Change Your Image
Upload An Image
Crop And Save
Following in the footsteps of James Cameron
Terminator 3: Rise of the Machines deals with another robot sent in the past to make the future better. It's a concept that should've been applied when they began working on this third installment. The film had a lot to surpass and following in James Cameron's footsteps is not an easy task to do. Fortunately, Jonathan Mostow does a good job recreating the mood of the previous two films. Unfortunately, the problem lies in the structure of the film. What could've been one of the most important films out of the three made so far (so far, considering 'he' might be back) is instead what seems to be the weakest one of all, too short and not developped enough.
As said before, while Mostow succeeded in giving this film a bit of a James Cameron vibe, the foundation on which the it was built is somewhat weak. Visually, it's close to Cameron's Terminators but on paper, it's a different story... literally. The writing gives the impression of a story thrown together for a quick cash-in at the box-office. Disappointing considering it was written by the same people who brought us the Hitchcock-esque 'The Game'. T3: Rise of the Machines suffers from bad structure and therfore is really more like a film cut in two parts. If the second half really gives us an insight of that the future holds for the characters, the first is filled with too much action and comedic relief. Terminator was always more than just an action film, it had a story that kept the other movies of the franchise balanced. In this case, the viewer is bombarded with car chases and confrontations right from the start which unfortunately means the omission to include any real interactions (other than fights) between the main characters. The dialogue is kept to a strict minimum throughout the first half (referring to meaningful dialogue that is) and the viewer is left with a sense of emptiness. It's as though they decided to throw everything they had right at the start and afterwards the audience is left with barely anything to chew on.
Another weakness is the comedic relief. When viewing a movie like T3: Rise of the Machines, no one expects to be laughing every few minutes. If the jokes are meant to be entertaining, they instead distract the viewer from what the purpose of a character like the Terminator has. If the character is not supposed to understand the feelings that a human might go through, he shouldn't have to be a running gag either. That's something James Cameron understood while filming T2: Judgment Day. While those kinds of scenes were left on the cutting room floor by Cameron, they remained in T3: Rise of the Machines. Maybe it's because James Cameron had enough material to work with therefore being able to take the liberty of doing just that. Running at a mere 109 Minutes, this latest installment fails to deliver barely enough juicy material to keep the people's interest awake.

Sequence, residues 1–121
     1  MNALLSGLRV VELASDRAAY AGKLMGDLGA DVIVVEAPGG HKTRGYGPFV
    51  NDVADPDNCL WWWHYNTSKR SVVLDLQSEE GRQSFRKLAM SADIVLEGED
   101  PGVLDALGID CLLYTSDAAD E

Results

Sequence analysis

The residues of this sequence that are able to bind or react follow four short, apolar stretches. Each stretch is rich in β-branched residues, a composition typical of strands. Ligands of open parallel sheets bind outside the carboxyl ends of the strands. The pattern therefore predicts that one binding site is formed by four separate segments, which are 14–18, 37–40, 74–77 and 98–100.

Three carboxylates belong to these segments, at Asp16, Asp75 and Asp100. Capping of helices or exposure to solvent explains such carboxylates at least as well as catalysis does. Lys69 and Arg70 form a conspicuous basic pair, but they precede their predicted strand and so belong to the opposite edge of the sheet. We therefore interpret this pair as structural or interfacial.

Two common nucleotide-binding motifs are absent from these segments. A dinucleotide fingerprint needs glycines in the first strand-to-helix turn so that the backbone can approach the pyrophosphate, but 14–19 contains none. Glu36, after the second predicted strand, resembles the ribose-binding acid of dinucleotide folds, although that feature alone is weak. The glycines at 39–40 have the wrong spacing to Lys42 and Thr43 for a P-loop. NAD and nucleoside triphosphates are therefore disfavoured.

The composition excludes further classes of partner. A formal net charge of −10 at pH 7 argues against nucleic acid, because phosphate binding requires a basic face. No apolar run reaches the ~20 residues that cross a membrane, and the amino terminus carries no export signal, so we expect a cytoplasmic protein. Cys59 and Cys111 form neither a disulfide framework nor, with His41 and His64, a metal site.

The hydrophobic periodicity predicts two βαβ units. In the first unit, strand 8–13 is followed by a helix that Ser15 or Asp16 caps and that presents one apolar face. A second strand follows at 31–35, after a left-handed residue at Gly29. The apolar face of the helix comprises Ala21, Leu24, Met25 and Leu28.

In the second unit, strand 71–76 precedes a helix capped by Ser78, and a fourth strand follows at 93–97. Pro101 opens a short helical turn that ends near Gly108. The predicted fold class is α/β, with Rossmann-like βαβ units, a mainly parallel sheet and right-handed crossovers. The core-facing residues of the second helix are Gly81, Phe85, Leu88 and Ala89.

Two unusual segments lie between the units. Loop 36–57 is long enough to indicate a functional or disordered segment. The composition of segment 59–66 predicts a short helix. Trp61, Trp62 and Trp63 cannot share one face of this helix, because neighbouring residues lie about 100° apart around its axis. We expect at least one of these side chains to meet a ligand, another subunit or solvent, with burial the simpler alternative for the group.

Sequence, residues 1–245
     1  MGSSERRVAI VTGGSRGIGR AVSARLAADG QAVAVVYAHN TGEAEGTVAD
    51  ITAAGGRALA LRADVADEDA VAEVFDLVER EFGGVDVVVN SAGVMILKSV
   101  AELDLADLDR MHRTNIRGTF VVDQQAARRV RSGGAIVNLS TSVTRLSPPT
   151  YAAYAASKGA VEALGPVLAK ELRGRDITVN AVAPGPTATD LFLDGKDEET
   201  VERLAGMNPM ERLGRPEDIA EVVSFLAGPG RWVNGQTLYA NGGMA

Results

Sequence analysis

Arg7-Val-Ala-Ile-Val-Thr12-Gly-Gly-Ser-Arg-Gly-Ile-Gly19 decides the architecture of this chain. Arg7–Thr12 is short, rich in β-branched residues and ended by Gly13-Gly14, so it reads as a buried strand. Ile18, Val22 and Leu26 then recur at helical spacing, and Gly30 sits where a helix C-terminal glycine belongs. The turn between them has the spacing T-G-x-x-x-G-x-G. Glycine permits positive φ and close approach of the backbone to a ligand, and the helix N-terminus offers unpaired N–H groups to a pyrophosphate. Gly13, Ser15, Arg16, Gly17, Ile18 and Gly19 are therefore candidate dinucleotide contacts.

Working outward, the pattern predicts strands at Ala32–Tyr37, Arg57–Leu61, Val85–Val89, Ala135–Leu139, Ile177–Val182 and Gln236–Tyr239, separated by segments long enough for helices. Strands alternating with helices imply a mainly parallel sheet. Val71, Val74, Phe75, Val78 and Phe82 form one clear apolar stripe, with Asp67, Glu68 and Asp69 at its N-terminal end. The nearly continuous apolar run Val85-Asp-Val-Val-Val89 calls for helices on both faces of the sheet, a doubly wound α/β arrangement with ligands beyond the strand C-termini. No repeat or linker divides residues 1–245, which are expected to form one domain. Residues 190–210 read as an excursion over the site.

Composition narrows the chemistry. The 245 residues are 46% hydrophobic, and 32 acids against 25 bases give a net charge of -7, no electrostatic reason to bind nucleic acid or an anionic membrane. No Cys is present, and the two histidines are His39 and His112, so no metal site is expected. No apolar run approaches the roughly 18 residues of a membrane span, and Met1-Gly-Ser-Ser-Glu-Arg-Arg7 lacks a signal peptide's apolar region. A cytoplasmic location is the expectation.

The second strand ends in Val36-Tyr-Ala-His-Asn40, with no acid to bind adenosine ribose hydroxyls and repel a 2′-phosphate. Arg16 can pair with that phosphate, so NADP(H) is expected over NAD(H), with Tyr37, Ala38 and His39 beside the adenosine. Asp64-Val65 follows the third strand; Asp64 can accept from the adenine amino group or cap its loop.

Terminator 3: Rise of the Machines is not all that bad though. While the first half is nothing more than a B-movie filled with cheap gags and too much action, the second half is where the movie really begins. At this point, it gets into a good pace where action shares the scene (no pun intended) with a slower, more dramatic feel. That's why the movie is so weak, it is unbalanced. T2: Judgment Day kept the ball rolling and took the time to tell a story. It's not normal that anyone should wait over 40-45 Minutes to find out what happened to the second most important character of all the Terminator films, Sarah Connor. Instead of filling the beginning with their entire arsenal of special effects, they should have dispersed them throughout the film, in between the scenes that occupies the second half, a second half where characters like John Connor (Nick Stahl) and Kate Brewster (Claire Danes) finally have a chance to evolve. Even Arnold Schwarzenegger is unable to give 3 dimensions to his character. If the character is supposed to be another version of the one seen in T2: Judgment Day, it instead ressembles more the one portrayed in the first Terminator film, a killer on a mission. Never once is there a chance for the viewer to believe in this Terminator character. In the end, he appears just as cold and uninteresting, very much like the steel it was built on.
Would've T3: Rise of the Machines been a better movie with James Cameron on board... probably. James Cameron, besides being a good director, knew the characters like no one else. For sure, the film would have been shot based on a better structure and filmed more evenly. As mentionned earlier, the movie is about going into the past to make the future better. That's something they should've paid more attention to, taking more notice of the franchise past to make a better future or in this case, delivering a better present. In the end, Terminator falls into the stereotype of all the other action films it follows. Not the type of movie that really drives you to watch the first two if you're new to the franchise.
Rating: *** Nothing more than a B-movie with a big budget. Could've been better.
(The second half really is what saved this film. Hopefully if there is going to be another installment, they will learn from their mistake and balance the story more, James Cameron style).